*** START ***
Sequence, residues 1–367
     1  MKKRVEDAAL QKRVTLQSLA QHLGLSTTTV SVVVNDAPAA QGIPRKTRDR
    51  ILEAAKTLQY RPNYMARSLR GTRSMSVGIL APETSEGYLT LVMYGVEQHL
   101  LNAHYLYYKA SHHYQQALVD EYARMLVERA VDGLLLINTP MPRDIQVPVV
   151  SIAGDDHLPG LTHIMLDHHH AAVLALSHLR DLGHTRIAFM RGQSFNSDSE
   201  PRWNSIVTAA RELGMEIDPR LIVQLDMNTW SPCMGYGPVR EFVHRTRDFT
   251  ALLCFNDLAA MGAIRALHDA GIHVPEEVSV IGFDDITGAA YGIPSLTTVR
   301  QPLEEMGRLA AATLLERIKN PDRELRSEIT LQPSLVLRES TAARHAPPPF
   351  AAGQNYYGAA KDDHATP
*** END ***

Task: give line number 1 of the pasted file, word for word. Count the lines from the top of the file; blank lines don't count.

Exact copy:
Sequence, residues 1–367